There are still three years to go in President Donald Trump's first term but in his first 12 months in office, he oversaw the most dramatic cuts in federal regulations in years.
Wayne Crews, vice president for policy at the Competitive Enterprise Institute, is the creator of the annual "10,000 Commandments" report surveying trends in regulations.
"I started doing this in the '90s," he says. "I put together how Reagan had cut rules by 30 percent and pages in the Federal Register by 30 percent and until Trump came along, I didn't see any slow-down that was comparable at all."
No doubt well aware of regulations large and small as a real estate mogul, Trump signed an executive order approximately a year ago pledging to repeal two existing regulations for every new one, drawing praise from the U.S. Chamber of Commerce and the National Small Business Association.
From the standpoint of a chief executive acting alone, Trump has probably done about the most that anyone could do, Crews says.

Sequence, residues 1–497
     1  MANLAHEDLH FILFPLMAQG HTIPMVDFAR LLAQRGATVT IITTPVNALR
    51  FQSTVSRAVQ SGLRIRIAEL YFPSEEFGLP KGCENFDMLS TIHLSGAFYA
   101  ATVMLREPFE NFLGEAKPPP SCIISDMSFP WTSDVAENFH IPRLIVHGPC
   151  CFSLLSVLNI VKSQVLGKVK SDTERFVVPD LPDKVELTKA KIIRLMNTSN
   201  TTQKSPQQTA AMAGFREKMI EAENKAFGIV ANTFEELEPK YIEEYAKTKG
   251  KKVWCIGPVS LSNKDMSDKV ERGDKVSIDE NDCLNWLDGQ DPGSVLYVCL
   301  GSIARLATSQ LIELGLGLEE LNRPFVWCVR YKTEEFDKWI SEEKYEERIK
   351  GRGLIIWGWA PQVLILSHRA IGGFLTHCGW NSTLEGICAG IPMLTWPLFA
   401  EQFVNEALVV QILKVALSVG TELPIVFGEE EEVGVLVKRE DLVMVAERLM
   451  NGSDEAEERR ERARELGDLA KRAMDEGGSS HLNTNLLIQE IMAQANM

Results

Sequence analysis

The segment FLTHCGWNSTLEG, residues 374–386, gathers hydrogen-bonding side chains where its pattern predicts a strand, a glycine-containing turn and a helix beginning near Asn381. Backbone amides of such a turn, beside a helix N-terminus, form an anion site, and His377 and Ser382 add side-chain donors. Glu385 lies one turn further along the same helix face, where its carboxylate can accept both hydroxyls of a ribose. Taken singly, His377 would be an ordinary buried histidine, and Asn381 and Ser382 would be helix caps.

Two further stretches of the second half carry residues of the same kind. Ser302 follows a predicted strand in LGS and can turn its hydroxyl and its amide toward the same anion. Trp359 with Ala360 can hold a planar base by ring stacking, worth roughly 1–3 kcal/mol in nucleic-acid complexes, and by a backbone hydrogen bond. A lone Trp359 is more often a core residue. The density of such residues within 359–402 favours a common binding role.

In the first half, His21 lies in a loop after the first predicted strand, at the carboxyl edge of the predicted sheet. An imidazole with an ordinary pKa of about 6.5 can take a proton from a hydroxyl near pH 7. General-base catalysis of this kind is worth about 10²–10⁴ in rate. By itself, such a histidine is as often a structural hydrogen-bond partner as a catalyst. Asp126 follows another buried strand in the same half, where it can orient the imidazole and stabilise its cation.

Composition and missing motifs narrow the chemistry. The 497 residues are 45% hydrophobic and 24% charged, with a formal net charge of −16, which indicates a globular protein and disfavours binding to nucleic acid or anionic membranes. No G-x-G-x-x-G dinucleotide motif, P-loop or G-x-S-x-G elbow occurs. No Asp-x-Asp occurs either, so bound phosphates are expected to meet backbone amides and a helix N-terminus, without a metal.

"His number of rules compared to Obama is down considerably," he advises. "There were 3,200 rules under Trump and a lot of those are trivial rules (and) Obama had over 3,800 rules."
When it comes to the Federal Register, where federal rules are published, the Obama-era Federal Register ended the year at 97,000 pages. Trump's first year topped out at 61,000 pages.
"That's still a lot of dense reading but you're talking about a 30-percent drop from what the last administration had been doing," says Crews. "It's a completely different climate in terms of addressing the regulatory enterprise."